Animal Cloning

“Scientists should be on tap but not on top” – Winston Churchill (1874 – 1965)

Cloning is the term applied to the production of identical organisms. Dolly the sheep was perhaps the most famous example but cloning is now reality. Scientists are able to ‘create' so-called identical organisms, using genetic material from the subject organism. So far, these novel organisms do not appear to have normal longevity but that is a challenge to which science will be only too willing to rise.

Cloning mice, sheep and other animals may not seem a big deal but can it be so far-fetched to envisage the spread of the technology into the world of human cloning? Has mankind such a record of ethics and morality that would put a stop to that, before it started? The Americans have a wonderful phrase for such conundra – “go figure”! Wouldn't Adolf Hitler have enjoyed this technology?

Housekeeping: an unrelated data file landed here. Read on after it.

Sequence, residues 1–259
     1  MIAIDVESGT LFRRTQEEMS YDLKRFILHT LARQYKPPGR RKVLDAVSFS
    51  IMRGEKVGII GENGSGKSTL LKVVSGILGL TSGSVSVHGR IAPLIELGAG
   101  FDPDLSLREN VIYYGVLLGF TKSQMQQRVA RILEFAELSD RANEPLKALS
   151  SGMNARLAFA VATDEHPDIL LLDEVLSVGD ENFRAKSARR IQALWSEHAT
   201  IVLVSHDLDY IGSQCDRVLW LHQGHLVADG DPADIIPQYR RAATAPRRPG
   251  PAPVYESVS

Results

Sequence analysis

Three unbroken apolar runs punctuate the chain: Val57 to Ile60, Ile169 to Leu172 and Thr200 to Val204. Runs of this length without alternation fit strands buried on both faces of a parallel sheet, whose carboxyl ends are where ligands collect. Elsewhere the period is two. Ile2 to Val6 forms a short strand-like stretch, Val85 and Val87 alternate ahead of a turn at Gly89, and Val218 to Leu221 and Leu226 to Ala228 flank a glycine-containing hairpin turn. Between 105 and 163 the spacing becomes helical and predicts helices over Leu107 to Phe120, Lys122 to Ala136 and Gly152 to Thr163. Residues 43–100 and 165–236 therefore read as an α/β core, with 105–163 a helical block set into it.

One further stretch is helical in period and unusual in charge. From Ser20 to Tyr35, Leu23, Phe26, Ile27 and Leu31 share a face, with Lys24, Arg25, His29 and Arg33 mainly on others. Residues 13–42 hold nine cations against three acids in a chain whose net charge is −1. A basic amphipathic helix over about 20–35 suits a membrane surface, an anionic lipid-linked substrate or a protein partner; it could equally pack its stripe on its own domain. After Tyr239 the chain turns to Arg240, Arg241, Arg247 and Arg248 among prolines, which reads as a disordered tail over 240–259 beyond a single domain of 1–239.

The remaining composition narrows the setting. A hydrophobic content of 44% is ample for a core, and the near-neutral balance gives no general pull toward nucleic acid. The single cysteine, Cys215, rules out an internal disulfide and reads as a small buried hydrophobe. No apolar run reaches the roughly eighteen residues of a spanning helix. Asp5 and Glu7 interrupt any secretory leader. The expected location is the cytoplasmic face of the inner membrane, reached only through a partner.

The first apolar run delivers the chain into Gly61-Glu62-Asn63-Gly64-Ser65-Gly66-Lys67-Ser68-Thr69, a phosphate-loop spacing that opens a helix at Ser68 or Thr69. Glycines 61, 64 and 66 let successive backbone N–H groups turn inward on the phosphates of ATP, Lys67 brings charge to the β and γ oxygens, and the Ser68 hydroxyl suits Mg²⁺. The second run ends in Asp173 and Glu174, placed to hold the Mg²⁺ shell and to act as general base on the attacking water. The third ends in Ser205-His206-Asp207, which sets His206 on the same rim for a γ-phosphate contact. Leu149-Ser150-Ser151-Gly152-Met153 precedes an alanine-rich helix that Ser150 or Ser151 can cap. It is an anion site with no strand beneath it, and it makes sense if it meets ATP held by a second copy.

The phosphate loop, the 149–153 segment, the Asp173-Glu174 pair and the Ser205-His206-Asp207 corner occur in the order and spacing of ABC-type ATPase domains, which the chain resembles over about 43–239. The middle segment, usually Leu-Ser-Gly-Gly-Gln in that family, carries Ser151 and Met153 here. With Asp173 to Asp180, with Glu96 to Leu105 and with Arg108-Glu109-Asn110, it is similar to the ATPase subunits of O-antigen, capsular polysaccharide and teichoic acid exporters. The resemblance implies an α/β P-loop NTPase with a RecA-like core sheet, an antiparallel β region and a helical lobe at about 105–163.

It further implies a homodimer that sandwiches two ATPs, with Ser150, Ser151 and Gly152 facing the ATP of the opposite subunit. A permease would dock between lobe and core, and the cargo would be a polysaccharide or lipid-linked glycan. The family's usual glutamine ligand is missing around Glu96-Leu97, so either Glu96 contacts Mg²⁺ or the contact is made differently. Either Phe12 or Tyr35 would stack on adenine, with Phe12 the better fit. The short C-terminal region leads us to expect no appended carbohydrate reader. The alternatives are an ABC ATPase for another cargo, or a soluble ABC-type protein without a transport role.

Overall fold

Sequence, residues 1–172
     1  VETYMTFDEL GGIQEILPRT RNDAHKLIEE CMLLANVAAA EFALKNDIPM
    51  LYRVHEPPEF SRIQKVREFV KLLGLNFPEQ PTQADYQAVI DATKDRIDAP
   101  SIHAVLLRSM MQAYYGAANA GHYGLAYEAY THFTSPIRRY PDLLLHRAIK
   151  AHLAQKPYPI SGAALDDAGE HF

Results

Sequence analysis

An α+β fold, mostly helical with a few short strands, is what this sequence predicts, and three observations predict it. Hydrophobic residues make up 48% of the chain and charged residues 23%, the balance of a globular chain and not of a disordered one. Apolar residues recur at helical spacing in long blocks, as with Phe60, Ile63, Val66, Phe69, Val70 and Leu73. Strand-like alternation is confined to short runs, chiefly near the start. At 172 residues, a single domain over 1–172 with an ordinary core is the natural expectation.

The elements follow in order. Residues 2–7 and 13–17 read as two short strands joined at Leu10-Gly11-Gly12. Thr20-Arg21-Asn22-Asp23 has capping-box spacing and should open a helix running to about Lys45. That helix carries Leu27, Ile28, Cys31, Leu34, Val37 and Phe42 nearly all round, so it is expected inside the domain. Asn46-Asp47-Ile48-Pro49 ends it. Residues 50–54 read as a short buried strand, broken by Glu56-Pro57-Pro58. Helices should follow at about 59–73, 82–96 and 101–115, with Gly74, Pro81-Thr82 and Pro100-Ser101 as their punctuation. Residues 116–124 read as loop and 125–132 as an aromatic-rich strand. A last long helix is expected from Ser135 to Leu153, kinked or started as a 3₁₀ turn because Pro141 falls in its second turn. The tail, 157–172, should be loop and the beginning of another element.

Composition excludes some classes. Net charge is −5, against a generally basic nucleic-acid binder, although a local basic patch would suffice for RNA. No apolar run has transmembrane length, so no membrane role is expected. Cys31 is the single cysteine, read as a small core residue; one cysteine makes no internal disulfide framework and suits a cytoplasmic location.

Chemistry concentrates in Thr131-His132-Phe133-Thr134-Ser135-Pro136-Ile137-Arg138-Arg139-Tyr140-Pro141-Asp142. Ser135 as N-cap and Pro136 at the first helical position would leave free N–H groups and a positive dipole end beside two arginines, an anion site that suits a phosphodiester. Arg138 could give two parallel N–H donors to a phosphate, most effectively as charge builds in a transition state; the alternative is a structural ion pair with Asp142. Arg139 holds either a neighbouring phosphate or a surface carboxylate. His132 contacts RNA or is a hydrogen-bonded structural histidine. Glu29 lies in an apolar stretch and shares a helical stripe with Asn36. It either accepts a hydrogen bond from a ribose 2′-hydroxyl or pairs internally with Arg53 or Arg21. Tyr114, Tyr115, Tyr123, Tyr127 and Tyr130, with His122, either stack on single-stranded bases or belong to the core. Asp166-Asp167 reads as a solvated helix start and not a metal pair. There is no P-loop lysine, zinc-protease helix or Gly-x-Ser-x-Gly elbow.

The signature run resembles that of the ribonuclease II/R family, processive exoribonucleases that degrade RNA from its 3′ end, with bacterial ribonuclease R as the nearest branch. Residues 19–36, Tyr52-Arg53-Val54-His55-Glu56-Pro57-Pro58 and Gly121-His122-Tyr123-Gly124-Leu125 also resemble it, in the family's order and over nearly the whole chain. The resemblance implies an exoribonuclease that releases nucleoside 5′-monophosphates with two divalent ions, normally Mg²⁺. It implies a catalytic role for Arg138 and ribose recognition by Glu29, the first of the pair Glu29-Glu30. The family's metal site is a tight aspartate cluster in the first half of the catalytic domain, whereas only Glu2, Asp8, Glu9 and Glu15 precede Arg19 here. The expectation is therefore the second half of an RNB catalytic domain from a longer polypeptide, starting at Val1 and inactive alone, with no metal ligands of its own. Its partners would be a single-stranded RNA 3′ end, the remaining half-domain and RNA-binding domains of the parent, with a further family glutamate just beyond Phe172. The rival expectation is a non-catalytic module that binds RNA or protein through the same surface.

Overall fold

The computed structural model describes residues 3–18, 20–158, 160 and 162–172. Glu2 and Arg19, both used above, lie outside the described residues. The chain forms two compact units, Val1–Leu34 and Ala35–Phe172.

The AVMC view is very similar to that on GM technology. It should not be touched with the proverbial barge pole. The scientific world (another term for the commercial world) knows no fear when it scents massive profit. Scientists can appear to be blinded to predictions about the consequences of their work, when they feel the excitement of innovation and the heady cocktail of scientific kudos and fame. Mix money and ambition in the cauldron of technology and you have a recipe for disaster.

Can we hear echoes of “I only invented the bomb, I didn't drop it“?

This technology is on the march. Since the first tadpole was cloned in 1952, the following species have been cloned, to the knowledge of the AVMC: carp, cat, cattle, deer, dog, frog, fruit fly, gaur, horse, mouse, mule, pig, rat, rhesus monkey, sheep and wolf.

See also: Animal Experimentation.

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